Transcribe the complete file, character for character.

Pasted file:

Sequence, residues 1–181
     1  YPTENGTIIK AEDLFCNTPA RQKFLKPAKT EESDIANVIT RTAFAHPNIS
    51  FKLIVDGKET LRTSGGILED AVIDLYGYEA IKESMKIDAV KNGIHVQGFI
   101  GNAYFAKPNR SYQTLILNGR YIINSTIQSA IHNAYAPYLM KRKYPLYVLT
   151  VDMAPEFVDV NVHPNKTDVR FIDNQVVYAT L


Sequence, residues 1–181
     1  YPTENGTIIK AEDLFCNTPA RQKFLKPAKT EESDIANVIT RTAFAHPNIS
    51  FKLIVDGKET LRTSGGILED AVIDLYGYEA IKESMKIDAV KNGIHVQGFI
   101  GNAYFAKPNR SYQTLILNGR YIINSTIQSA IHNAYAPYLM KRKYPLYVLT
   151  VDMAPEFVDV NVHPNKTDVR FIDNQVVYAT L